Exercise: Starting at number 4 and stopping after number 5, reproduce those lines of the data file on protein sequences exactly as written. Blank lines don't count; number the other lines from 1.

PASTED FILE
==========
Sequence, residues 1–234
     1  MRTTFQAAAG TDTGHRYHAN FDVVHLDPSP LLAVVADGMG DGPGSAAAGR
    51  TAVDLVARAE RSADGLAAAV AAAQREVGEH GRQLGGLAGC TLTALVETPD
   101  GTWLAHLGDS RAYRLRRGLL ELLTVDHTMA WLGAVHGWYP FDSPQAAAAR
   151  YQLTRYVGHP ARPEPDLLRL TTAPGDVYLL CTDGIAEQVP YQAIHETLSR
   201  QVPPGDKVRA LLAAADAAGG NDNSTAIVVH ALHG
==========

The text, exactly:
   101  GTWLAHLGDS RAYRLRRGLL ELLTVDHTMA WLGAVHGWYP FDSPQAAAAR
   151  YQLTRYVGHP ARPEPDLLRL TTAPGDVYLL CTDGIAEQVP YQAIHETLSR